Tuesday, March 15th, 2005

Using Maven to modularize JavaScript development

Category: Ajax, Builds, Java, JavaScript

A lot of developers ‘poo poo’ any code that is written in JavaScript.

  • “JavaScript isn’t a real programming language”
  • “JavaScript is just about browser hacker scripts”
  • “You can use it to focus(). Big deal.”
  • “JavaScript is for the HTML designers, not for REAL coders”

Giving thought to your JavaScript code

As such, any JavaScript code in a project, doesn’t get the thought that it deserves. Why would you be anal about unit testing your Java code, and ignoring your JavaScript code?

You no longer need too, as we have JsUnit, and other tools.

Dependencies are dependencies

As soon as you stop thinking of your JavaScript code as a bastard step-child, you can apply the same practices that we have in our other worlds (e.g. Java).

One of the problems with Java web applications, is that you can often do a search for files on a developers hard drive, and see MANY of the same files.

For example, you search for struts.jar, and there are 23 instances of it on the file system. Of course, they are not all the same size, since they are various versions (but you don’t know).

We get around that problem by using a tool such as Maven, or Ivy.

Now, we can define our project dependencies, and the correct versions are tracked, and downloaded automatically. Very nice.

WEB-INF/lib == /scripts

Why don’t we do this with JavaScript code? We have the same problem with commonscript.js as we do with struts.jar. So why not manage it?

Maven JS type

Maven has the base framework that we need to make this quite trivial. First, we can just agree on the ‘type’ of dependency. I am using js. Then you can just add dependencies as per normal:


This means that maven will try to grab:


or in the example above:


from the various repositories that you have setup in your project.properties:


NOTE: ‘[type]s’ is hard-coded. There is no way to map “when you see type ‘js’ look in directory ‘scripts’, or something like that. This means that ‘jss’ looks a lil’ silly :).


So, we didn’t have to do anything to get Maven to start grabbing dependencies for us. But, in our projects we don’t just want to grab some JavaScript modules and put them in your local repository. We want to use them :)

Rather than writing some manual goals to handle this, I wrote a Maven plugin which piggy-backs on the war plugin.

The maven-war-javascript-plugin offers a war:js / war:js:copy-scripts goal. This manually looks through your dependencies, and copies any JavaScript modules to your web app (in the scripts directory by default. To change, use the maven.war.javascript.dir property).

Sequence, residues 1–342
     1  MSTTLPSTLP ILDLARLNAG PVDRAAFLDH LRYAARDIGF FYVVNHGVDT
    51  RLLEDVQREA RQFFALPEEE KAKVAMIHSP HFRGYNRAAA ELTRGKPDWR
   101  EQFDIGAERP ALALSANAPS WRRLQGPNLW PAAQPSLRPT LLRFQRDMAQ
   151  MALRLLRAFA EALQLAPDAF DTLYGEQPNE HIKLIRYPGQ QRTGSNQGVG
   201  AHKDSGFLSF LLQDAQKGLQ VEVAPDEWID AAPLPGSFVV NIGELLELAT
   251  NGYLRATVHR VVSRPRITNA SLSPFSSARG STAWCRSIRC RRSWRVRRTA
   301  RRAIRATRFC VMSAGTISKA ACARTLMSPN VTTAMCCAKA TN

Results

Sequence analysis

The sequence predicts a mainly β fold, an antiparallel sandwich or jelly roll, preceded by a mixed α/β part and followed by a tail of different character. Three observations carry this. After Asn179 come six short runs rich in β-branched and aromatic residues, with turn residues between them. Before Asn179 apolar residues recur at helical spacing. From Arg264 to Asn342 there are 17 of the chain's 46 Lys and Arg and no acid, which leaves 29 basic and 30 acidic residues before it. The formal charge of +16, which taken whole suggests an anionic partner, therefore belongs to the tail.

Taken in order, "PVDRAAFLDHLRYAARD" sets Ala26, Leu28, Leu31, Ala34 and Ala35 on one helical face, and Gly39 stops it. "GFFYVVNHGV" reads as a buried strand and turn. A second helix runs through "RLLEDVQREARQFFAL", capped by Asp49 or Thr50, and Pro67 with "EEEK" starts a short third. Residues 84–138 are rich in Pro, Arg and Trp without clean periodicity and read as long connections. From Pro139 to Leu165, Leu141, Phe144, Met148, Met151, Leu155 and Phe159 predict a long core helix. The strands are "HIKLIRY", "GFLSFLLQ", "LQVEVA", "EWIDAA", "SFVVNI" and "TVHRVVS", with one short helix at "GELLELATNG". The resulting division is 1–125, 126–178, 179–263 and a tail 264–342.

However, although you have a goal in which you can kick off this task, in practice you don’t need to use it. The plugin registers itself with the war module, and whenever it is invoked, it sneaks in and does the copy. So, it is a seemless introduction!


To download and install the plugin, you can simply:

  • Add: http://www.adigio.com/maven to maven.repo.remote
  • Run the commmand: % maven -DartifactId=maven-war-javascript-plugin -DgroupId=adigio -Dversion=0.1 plugin:download


So, now I can take JavaScript more seriously, and can start managing my JS dependencies with the care and loving touch that I do with the immense amount of open source library bloat :)

Posted by Dion Almaer at 9:36 am

3.3 rating from 15 votes


Comments feed

How well does Ant work for this sort of thing?

Comment by Rob — March 16, 2005

What about Javascript source code management in maven 2?

Comment by Andrew J. Leer — March 23, 2006

An alternative to using a separate plugin would be to use the default “overlay” behavior for war artifacts (see “Adding external web sources” in the war plugin documentation). So to create a set of javascript files that you would be able to include in other projects using Maven’s dependency handling, you would create a project of type “war” for a webapp that contains only the script files that you want to share. Once you have deployed the resulting war-file to your repository, simply declaring that file as a runtime dependency for another war project will automatically download the war and ‘overlay’ its contents onto contents of your project.

The two restrictions of this method is that you can only include the javascript library as a dependency for other “war” projects, and you cannot control what directory the scripts end up in (it will be whatever directory they were in in the original project).

Comment by Josh Bandur — October 11, 2006

I’m trying to build up a multi-project build structure for JS projects and this sounds like a perfect tool, however I couldn’t get to it:
http://www.adigio.com/maven/ returns 403 Forbidden

Comment by Richard — March 20, 2007

For both runtime discovery of JS-based dependencies in Maven-based WARs and reporting (JSDoc Toolkit, JSLint) in your Maven-based JS projects check out maven-jstools-plugin:


Comment by Manos — October 6, 2007

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